In a further aspect of the invention, a method of controlling a safety device for a vehicle comprises determining a composite parameter called pitch gradient, determining another composite parameter called pitch acceleration coefficient, determining an added mass and a position of the added mass from the pitch gradient and the pitch acceleration coefficient, and controlling the vehicle system in response to the added mass and position.

In another aspect of the invention, a control system for an automotive vehicle includes a pitch rate sensor generating a pitch rate signal, a longitudinal acceleration sensor generating a longitudinal acceleration signal, and a yaw rate sensor generating a yaw rate signal. A safety system and the sensors are coupled to a controller. The controller determines an added mass and a position of the added mass from the roll rate, the longitudinal acceleration and the yaw rate and controls the safety system in response to the added mass and position.

One advantage of the invention is that the vehicle trunk loading condition can be detected and determined very accurately. Such loading conditions cannot be accurately detected through vehicle longitudinal dynamics as in some of the existing methods which use engine torque and the vehicle longitudinal acceleration to compute the vehicle mass.

Other advantages and features of the present invention will become apparent when viewed in light of the detailed description of the preferred embodiment when taken in conjunction with the attached drawings and appended claims.

BRIEF DESCRIPTION OF THE DRAWINGS

FIG. 1 is a diagrammatic view of a vehicle with coordinate frames according to the present invention.

FIG. 2 is a block diagram of a stability system according to the present invention.

FIG. 3 is a front view of an automotive vehicle illustrating various angles according to the present invention.

FIG. 4 is a side view of an automotive vehicle in a pitching condition illustrating various variables thereon.

FIG. 5 is a top view of an automotive vehicle having variables used in the following calculations thereon.

FIG. 6 is a detailed block diagrammatic view of a controller according to one embodiment of the present invention.

FIG. 7 is a flowchart of a method of operating the present invention.

DETAILED DESCRIPTION

In the following figures, the same reference numerals will be used to identify the same components. The present invention may be used in conjunction with a rollover control system for a vehicle. The present invention may also be used with a deployment device such as airbag or active roll bar or pre-tensioning belts. The present invention could pass information to an adaptive cruise control system or a brake based collision avoidance system to change the brake request levels of the system. The present invention will be discussed below in terms of preferred embodiments relating to an automotive vehicle moving in a three-dimensional road terrain. The present invention is described with respect to determining an added mass and position of the added mass. However, as will be described below the added mass and position may not be directly determined, rather by adaptively updating a pitch condition parameter such as a pitch gradient value and/or a pitch acceleration coefficient, the effects of added mass and the position of the added mass may be included in those values. Such values may also be referred to as an “adaptive” pitch gradient and an “adaptive” pitch acceleration coefficient. The various pitch parameters may be referred to as adaptively determined meaning that such values may change due to changes in the mass or load over time. That is, such values are not fixed. That is the values may be updated as the vehicle is running or driving. The values may then be averaged.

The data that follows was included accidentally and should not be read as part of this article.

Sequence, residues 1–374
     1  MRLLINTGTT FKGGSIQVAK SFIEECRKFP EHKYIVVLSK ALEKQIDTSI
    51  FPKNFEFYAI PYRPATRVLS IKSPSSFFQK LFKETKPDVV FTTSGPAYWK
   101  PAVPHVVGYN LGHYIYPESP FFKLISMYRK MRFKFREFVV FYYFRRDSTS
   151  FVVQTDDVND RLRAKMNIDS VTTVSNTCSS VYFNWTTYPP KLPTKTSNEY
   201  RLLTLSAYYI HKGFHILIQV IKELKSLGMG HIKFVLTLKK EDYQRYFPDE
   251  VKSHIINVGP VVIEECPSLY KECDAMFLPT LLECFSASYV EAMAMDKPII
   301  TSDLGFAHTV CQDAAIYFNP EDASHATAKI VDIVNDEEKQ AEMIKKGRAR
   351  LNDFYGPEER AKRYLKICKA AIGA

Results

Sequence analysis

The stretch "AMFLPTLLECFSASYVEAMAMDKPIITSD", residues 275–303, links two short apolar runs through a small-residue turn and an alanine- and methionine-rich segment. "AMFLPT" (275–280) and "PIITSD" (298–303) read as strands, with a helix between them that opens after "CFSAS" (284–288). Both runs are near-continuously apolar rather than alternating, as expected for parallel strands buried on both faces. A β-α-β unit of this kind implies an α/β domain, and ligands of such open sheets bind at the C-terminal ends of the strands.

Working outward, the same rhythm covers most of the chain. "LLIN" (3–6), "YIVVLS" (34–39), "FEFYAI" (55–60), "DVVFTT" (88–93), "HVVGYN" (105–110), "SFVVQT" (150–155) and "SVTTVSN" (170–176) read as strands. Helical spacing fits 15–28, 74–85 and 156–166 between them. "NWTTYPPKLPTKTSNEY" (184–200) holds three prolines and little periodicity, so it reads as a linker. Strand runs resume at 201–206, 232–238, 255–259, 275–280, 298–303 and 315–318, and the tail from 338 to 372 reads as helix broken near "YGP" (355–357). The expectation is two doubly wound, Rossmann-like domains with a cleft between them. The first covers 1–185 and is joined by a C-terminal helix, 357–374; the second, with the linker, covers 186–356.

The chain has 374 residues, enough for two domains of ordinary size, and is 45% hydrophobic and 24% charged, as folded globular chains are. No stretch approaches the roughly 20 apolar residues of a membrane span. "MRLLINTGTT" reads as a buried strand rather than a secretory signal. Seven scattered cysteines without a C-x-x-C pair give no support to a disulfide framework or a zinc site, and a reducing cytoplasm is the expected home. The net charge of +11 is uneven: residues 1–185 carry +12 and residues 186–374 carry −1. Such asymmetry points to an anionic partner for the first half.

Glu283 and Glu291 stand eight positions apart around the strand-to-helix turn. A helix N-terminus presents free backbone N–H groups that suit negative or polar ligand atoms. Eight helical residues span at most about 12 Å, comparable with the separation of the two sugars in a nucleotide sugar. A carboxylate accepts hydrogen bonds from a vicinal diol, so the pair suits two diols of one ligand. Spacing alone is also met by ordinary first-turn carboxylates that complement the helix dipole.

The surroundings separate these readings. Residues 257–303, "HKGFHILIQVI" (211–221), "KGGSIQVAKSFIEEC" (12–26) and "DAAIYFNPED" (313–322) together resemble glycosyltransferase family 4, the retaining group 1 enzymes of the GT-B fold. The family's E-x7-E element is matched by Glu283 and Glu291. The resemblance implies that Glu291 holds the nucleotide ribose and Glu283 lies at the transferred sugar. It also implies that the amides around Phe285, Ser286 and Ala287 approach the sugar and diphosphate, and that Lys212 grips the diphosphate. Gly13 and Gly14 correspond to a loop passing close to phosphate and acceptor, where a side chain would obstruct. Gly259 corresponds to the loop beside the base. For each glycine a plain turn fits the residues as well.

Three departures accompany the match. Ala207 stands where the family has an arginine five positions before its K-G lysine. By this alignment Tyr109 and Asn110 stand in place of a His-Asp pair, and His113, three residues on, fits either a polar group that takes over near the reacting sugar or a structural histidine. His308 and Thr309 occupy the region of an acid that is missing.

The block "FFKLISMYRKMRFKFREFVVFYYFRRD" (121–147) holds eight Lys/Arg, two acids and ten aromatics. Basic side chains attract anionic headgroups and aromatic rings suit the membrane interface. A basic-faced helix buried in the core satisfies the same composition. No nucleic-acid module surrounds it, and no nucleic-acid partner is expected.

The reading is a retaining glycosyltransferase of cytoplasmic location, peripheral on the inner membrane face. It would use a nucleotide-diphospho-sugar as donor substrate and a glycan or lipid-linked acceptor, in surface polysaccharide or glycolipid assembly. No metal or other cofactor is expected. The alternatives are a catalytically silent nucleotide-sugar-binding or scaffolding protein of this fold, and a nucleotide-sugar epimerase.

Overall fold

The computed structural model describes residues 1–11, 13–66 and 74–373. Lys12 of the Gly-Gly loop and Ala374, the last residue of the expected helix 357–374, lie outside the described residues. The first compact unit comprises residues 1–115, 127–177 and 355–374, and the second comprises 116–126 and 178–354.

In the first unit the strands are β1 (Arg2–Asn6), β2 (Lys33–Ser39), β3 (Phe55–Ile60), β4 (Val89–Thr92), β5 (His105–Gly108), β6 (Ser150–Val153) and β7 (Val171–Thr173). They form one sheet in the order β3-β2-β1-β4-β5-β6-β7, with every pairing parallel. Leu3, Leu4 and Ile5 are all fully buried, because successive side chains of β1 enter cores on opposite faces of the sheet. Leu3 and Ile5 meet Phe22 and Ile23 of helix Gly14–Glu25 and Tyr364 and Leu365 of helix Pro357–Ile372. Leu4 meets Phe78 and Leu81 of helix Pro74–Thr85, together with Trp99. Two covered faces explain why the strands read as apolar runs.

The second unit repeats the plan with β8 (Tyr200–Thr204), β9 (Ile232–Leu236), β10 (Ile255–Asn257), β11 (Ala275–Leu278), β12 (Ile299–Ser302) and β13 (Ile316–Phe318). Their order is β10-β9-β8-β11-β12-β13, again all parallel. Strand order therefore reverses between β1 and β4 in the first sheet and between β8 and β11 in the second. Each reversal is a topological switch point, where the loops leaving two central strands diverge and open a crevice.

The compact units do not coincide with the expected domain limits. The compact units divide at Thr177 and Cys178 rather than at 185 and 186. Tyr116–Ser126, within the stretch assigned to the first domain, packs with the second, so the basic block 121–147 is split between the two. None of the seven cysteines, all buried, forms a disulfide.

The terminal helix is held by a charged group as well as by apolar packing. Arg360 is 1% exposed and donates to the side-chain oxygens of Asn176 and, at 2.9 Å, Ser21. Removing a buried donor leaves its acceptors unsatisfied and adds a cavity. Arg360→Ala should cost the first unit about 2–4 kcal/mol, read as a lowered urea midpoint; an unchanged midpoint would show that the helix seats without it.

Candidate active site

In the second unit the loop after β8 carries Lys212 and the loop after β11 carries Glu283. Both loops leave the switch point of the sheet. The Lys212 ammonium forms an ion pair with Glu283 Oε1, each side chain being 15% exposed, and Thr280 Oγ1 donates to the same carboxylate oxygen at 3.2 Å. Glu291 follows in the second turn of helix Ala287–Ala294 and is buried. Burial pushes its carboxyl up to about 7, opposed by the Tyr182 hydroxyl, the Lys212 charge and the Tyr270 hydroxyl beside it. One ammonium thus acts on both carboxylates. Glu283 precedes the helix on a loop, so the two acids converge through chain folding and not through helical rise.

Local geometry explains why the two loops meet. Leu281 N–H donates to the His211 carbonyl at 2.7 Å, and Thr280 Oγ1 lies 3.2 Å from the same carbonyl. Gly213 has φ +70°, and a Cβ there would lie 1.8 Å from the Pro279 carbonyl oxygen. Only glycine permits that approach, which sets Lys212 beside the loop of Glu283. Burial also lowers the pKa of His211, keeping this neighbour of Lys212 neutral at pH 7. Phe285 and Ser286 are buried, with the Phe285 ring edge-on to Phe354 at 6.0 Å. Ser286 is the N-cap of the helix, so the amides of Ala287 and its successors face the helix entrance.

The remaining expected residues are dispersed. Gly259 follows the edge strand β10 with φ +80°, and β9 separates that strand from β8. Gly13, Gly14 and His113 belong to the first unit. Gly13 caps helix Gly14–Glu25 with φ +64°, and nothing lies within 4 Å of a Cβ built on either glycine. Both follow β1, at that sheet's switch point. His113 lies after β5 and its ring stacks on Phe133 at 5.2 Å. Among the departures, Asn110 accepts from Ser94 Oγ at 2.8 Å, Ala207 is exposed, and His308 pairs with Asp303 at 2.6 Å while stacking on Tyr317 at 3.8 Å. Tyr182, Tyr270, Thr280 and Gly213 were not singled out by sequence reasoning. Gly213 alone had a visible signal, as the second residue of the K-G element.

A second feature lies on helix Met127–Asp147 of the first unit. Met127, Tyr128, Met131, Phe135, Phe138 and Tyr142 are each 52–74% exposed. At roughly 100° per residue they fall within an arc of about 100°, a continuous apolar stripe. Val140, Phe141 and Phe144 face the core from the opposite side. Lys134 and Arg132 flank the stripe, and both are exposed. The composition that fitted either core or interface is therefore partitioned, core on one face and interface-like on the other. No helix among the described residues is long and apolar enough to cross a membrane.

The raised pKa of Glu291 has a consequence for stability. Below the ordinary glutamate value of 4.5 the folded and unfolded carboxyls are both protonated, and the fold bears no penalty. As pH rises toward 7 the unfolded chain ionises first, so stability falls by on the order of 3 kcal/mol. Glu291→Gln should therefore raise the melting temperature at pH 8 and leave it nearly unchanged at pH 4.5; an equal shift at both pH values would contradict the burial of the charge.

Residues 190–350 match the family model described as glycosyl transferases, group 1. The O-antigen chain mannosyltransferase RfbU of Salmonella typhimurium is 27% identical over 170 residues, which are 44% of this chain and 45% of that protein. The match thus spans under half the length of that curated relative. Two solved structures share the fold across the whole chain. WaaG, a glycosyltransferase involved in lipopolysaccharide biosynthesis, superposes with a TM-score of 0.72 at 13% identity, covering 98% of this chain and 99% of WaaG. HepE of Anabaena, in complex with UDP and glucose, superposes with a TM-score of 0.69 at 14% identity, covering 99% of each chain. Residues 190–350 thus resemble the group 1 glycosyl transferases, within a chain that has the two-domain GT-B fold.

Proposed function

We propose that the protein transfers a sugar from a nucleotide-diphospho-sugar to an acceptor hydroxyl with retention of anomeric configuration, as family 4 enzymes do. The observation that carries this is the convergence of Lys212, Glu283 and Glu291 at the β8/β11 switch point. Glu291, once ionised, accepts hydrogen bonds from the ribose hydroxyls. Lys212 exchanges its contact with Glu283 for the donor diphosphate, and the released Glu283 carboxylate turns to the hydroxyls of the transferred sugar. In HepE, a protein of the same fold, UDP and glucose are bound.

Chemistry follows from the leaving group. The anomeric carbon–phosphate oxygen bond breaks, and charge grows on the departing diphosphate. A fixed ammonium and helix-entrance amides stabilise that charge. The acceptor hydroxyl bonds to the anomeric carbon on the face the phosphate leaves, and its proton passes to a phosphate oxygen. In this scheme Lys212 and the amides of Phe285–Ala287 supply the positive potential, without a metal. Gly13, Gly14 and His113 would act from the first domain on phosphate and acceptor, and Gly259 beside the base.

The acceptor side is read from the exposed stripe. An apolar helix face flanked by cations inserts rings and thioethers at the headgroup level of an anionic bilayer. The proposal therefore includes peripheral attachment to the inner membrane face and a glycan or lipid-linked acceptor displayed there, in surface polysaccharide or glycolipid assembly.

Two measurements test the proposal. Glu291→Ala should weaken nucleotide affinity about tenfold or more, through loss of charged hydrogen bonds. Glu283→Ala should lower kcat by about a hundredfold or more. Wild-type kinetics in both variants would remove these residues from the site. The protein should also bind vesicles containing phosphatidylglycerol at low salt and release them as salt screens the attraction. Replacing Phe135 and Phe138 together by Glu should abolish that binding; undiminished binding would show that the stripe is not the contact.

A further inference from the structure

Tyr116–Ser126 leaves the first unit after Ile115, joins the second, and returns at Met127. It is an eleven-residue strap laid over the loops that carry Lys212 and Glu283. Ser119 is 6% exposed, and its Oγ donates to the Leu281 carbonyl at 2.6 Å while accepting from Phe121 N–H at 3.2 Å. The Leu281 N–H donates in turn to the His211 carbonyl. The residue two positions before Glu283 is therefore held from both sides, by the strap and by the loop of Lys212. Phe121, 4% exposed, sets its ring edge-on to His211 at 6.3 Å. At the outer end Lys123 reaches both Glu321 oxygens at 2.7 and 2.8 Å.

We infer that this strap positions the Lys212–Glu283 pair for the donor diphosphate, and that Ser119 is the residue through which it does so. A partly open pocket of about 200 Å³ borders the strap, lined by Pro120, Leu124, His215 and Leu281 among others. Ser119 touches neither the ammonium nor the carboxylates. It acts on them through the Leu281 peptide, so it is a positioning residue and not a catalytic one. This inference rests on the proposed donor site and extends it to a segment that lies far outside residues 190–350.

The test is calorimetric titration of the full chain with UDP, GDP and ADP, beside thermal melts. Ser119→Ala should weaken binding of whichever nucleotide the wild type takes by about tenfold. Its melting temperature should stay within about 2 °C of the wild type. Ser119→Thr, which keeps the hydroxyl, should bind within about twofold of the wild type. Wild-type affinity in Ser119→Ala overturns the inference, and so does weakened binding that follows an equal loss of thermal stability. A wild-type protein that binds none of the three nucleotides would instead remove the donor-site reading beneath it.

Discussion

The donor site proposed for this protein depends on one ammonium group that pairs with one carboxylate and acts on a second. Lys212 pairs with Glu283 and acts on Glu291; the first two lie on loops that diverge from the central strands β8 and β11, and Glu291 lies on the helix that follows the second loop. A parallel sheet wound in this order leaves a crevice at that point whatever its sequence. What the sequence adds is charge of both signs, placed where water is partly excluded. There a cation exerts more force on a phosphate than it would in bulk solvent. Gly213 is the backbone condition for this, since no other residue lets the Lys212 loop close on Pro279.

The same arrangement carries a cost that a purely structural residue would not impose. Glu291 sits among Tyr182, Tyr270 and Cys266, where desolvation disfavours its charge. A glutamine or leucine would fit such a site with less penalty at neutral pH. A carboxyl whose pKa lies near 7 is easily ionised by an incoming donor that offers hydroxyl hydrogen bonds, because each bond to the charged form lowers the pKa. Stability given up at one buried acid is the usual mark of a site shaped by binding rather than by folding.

It should also be noted that while one of the pitch gradient or pitch acceleration coefficient may be adaptively determined, the other two values may not be adaptive.

Referring to FIG. 1, an automotive vehicle 10 with a safety system of the present invention is illustrated with the various forces and moments thereon during a dynamic condition. Vehicle 10 has front right (FR) and front left (FL) wheel/tires 12A and 12B and rear right (RR) wheel/tires 13A and rear left (RL) wheel/tires 13B respectively. The vehicle 10 may also have a number of different types of front steering systems 14 a and rear steering systems 14 b, including having each of the front and rear wheels configured with a respective controllable actuator, the front and rear wheels having a conventional type system in which both of the front wheels are controlled together and both of the rear wheels are controlled together, a system having conventional front steering and independently controllable rear steering for each of the wheels, or vice versa. Generally, the vehicle has a weight represented as Mg at the center of gravity of the vehicle, where g=9.8 m/s2 and M is the total mass of the vehicle.

As mentioned above, the system may also be used with safety systems including active/semi-active suspension systems, anti-roll bar, or airbags or other safety devices deployed or activated upon sensing predetermined dynamic conditions of the vehicle.